,,Kwadrat" - ,,Solidarność" Toruń Serwis Internetowy Solidarności
"Spectacular computer crimes" Buck Bloombecker (Director, National Center for Computer Crime Data)
POLITICS II •
JAN HANASZ: THE POLISH TV PIRATE
I went to Torun, Poland, one rainy morning a few years ago, to meet my favorite
computer criminal: the
astronomer and Polish television pirate, Jan Hanasz.
A paragraph in the Los Angeles Times had caught my eye more than a year before.
The article related that
Poland's leading space scientist, Jan Hanasz, and three colleagues went on trial,
"accused of having
interrupted a state television transmission ... to urge voters to boycott
Suddenly the newspaper caught my attention.
"They allegedly used a home computer, a synchronizing circuit, and a transmitter
to flash messages on
A Polish computer crime! An opportunity to visit a friend and colleague and
imagine myself as an
investigative reporter. This was the kind of story I could do something with.
And I had. Now, in the summer of 1987,1 was on my way to interview Jan Hanasz as
part of the research
for a story on underground computing in Poland. His, I was to learn, was but one
example of several
ways that computers were making life easier for the Polish movement known as
Jacek, a man in his mid-30s, and droll, drove, talked, and pointed out the
sights as we approached the
city of Torun, the
ancient home of Copernicus. Despite occasional jokes, Jacek was
depressing, distressing, and deep in his gloom. He was cynical
about the Soviet Union, doubtful about glasnost, despairing
about Poland. "The only way to live in this system is to cheat,"
he said angrily. "The gas station attendant mixes ethyl and
diesel gasoline. He sells the ethyl he has left over to people who
have no government-issued ration coupons—at a premium, of
course. The truck driver gets a broken part, replaces a good one
with it, sells the good one, and brings his truck in for repair.
"The government creates rules," Jacek continued, "partly
to control us. If you follow all the rules you're exhausted and
poor. If you cheat, you're vulnerable to being co-opted. If you
want to get meat, for instance, you'll find that there are extra
ration books available for people who are in the government's
The scenery was postcard-pretty as we drove. Horse-drawn
carts loaded with great mounds of hay passed us on the road.
Jacek was amused that I was curious about computer crime
in Poland. He laughed about Polish computing. "Yeah! They
started getting them [computers] in the 70s. Part of the indus-
trialization. I've heard about boxes of them sitting in the sun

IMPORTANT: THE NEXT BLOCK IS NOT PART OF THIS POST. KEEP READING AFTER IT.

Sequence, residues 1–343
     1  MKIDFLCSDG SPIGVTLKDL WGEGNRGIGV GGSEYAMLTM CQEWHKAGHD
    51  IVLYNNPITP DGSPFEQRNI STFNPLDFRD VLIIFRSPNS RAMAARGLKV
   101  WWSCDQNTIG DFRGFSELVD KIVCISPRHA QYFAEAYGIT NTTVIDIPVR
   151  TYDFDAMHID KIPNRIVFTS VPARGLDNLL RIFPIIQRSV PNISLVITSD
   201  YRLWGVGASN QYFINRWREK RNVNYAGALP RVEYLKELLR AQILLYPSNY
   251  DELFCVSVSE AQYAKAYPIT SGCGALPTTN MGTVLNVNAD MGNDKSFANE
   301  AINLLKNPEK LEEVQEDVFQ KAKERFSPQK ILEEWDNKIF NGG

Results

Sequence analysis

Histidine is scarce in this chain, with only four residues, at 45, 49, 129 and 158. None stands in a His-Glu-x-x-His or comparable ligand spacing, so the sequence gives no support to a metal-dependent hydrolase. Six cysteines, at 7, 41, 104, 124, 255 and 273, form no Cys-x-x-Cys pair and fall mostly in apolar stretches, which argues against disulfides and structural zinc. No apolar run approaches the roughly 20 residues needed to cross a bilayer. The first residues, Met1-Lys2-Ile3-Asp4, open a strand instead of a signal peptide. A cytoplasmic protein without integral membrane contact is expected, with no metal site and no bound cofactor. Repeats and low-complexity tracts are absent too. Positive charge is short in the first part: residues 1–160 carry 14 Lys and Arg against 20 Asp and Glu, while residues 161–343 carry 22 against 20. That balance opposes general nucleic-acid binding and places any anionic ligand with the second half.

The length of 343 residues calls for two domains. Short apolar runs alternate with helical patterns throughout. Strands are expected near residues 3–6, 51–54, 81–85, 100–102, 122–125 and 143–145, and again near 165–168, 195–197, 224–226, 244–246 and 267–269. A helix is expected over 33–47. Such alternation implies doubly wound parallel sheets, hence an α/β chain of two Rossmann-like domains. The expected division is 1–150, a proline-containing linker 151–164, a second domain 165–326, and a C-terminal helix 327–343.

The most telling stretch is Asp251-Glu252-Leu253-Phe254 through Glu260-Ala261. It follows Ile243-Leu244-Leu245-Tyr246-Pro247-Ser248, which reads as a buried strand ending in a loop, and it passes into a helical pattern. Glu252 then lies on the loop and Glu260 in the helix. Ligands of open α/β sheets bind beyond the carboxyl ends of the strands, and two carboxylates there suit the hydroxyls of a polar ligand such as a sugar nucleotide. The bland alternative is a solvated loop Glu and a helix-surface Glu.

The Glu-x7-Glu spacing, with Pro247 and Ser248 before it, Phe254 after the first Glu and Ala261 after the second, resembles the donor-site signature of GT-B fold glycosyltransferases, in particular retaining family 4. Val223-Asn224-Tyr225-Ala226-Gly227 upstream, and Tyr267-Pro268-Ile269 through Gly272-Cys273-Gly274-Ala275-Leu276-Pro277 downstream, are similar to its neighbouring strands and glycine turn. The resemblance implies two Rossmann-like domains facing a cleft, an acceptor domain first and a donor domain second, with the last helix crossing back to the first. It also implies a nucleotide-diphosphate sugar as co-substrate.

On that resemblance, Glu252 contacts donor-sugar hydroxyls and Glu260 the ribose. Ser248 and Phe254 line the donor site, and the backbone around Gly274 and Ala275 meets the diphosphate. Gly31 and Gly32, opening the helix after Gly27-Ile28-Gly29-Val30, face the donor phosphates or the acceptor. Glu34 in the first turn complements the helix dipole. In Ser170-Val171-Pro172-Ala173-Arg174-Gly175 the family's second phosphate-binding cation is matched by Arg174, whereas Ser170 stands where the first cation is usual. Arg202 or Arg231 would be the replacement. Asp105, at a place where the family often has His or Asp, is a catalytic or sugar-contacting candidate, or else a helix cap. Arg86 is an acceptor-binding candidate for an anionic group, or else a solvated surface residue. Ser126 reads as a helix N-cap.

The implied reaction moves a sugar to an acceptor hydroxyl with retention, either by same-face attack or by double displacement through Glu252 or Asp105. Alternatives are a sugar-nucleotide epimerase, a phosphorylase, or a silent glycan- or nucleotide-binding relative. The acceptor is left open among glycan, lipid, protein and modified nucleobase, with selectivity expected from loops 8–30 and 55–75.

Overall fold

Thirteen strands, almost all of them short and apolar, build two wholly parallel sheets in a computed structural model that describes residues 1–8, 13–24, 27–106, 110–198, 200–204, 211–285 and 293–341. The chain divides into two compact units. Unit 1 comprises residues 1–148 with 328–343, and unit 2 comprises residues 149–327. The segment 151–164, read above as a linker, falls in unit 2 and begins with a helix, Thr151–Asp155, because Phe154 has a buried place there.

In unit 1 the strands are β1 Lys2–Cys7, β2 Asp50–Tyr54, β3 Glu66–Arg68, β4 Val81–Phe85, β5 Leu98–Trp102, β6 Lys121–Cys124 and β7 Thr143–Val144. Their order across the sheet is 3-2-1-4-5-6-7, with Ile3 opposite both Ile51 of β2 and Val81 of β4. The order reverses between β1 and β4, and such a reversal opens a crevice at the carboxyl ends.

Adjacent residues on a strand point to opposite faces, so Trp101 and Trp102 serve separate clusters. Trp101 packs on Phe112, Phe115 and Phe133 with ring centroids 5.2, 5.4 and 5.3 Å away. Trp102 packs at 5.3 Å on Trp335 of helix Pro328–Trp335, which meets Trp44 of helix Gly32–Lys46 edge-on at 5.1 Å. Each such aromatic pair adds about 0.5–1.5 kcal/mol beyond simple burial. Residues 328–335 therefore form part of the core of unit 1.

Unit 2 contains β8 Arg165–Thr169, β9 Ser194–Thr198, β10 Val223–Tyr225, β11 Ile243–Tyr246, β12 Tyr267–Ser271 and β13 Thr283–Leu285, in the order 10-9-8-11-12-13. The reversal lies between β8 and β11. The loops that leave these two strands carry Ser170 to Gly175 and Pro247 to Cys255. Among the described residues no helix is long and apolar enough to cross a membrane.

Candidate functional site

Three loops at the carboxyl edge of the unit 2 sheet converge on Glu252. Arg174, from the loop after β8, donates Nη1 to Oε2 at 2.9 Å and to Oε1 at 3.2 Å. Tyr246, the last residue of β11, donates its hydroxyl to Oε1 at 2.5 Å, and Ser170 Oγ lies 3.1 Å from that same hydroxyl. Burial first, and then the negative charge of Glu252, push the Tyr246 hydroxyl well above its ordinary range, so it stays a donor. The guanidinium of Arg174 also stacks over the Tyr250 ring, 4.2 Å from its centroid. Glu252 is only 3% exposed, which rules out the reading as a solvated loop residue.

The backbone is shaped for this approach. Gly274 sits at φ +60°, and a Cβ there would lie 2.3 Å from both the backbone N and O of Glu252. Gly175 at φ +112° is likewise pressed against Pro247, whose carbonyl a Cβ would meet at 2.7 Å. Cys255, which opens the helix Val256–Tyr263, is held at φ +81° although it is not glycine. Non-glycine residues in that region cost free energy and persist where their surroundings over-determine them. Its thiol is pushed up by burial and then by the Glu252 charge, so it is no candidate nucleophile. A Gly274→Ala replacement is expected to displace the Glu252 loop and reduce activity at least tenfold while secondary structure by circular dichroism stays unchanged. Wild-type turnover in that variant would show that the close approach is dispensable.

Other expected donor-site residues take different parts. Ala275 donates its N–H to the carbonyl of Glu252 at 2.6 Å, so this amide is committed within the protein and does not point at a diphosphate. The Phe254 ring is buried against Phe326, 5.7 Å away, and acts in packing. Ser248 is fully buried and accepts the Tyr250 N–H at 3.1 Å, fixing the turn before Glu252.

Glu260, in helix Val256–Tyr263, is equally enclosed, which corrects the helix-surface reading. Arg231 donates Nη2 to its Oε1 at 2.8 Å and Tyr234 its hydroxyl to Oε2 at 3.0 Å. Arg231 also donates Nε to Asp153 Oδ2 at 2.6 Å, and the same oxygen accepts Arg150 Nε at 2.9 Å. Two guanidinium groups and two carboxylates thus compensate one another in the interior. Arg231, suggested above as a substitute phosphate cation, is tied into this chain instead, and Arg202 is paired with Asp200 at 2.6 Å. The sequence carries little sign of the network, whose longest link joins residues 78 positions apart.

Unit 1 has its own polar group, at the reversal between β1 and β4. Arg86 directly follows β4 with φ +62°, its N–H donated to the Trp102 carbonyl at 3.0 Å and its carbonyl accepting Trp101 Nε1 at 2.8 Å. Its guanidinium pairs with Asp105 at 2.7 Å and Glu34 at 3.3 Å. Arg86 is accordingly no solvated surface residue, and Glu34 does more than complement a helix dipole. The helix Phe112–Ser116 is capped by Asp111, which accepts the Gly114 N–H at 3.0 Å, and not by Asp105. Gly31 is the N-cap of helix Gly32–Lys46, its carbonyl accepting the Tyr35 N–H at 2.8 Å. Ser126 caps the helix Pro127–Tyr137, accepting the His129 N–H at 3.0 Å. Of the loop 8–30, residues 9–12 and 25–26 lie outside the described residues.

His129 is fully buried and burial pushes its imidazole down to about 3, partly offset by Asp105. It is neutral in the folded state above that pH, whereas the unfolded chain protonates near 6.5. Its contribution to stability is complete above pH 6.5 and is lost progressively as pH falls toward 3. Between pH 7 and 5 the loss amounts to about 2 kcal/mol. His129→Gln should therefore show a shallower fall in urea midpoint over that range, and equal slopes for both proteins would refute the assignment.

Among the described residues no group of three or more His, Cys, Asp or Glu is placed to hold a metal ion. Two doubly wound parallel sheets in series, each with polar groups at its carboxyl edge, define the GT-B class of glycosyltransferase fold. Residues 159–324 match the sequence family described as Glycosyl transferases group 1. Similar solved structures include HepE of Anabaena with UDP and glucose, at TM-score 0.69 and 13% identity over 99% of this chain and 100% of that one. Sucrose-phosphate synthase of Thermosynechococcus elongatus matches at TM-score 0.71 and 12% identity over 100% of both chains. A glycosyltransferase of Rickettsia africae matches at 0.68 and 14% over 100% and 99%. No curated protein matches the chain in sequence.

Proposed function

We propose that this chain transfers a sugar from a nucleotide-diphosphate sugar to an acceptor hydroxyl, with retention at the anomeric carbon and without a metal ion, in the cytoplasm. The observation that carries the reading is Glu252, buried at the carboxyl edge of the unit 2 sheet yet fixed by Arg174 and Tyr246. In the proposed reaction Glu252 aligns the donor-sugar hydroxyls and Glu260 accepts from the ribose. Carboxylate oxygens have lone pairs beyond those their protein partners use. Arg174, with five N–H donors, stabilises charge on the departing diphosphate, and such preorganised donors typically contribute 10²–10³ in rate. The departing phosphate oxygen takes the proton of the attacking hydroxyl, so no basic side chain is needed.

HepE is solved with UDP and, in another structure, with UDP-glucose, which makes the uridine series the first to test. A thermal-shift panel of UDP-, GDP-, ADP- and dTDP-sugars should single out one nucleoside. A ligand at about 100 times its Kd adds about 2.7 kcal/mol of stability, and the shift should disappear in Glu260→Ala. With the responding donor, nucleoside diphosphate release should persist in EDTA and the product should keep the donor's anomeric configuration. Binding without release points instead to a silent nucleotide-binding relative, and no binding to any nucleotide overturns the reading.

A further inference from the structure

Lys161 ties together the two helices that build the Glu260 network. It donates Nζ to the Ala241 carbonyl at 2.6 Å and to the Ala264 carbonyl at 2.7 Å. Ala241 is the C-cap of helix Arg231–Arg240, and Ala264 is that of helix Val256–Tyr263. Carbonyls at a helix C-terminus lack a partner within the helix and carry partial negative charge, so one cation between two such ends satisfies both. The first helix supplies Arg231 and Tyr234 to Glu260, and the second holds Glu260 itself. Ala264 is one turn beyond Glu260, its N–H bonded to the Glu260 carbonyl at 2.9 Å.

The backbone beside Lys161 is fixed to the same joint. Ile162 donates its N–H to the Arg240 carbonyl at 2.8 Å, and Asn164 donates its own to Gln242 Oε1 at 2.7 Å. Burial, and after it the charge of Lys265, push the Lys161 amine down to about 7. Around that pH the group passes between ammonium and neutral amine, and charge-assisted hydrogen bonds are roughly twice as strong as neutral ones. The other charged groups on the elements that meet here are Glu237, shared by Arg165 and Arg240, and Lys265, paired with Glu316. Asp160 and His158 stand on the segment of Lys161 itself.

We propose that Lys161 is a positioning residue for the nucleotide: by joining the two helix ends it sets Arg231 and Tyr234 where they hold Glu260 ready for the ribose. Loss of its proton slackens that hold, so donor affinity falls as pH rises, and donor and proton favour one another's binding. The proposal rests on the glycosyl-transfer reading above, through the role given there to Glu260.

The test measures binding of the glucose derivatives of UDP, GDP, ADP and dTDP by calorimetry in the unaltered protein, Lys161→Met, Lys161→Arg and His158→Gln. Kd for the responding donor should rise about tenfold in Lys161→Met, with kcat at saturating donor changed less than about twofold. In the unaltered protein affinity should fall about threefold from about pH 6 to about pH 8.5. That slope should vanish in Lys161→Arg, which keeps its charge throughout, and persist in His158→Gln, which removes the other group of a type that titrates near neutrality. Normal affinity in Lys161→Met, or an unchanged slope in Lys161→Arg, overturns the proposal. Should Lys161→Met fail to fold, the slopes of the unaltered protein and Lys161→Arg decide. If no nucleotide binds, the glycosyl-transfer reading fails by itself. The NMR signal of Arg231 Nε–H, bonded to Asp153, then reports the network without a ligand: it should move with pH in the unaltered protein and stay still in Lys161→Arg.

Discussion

where the managers had no idea what to do with them. We
borrowed up to our ears from the West, built things that didn't
work, and wound up worse than before."
What a contrast from Jacek's dour driving to arrive at the
office of Jan Hanasz and experience hospitality, grace, and
hopefulness from this philosopher of political piracy.
A gentleness and calm surrounded this man. A friendly
smile, a supportive glance, and Hanasz put me at ease. He was
very open-faced and radiant. His thin, gray hair peeked around
the red-framed glasses at his ears.
Hanasz's office at the Copernicus Astronomical Center in
Torun was a bit larger and older than most I'd seen in the United
States, but otherwise it was quite similar. Paper predominated,
and two computers were on.
I'd come to Poland to learn about underground computer
use, and the professor obliged me beyond my wildest dreams. He
told me of DES (Data Encryption Standard) encryption for
information going between Solidarity centers and individuals in
Poland. He filled me in on the word processing programs used to
prepare articles for publication, and on database programs used
to organize Solidarity's files and make them easier to destroy. "I remember
raids when I'd be eating files,
everyone else would be
eating, and the police were at the door." Now, Hanasz smiled, "I'd
just press a disk to my chest and bend it"
Pacing at the blackboard, Hanasz proceeded to demonstrate
his own contribution to the Solidarity effort, a spectacular
computer crime. Twice within two weeks, he had sent a message
to those of the 120,000-plus residents of Torun who were
watching the evening news. "Enough price increases, lies, and
repressions. Solidarity Torun," said the first message. The second read, "It is
our duty to boycott the
election," and then
displayed the stylized version of the Solidarity name.
He had done it, Hanasz explained, by performing the
equivalent of electronic hitchhiking on the Polish television
network's airwaves. As an astronomer, he was more used to
dealing with waves traveling through the air than the average
computer user. After three months of planning, Hanasz and
three colleagues had created an electronic system that could
produce television signals, synchronize them with the signals of
Polish state television, and aim them in the same path as the
"There is a psychological phenomenon which allows us to
join two different images we see on a television screen into a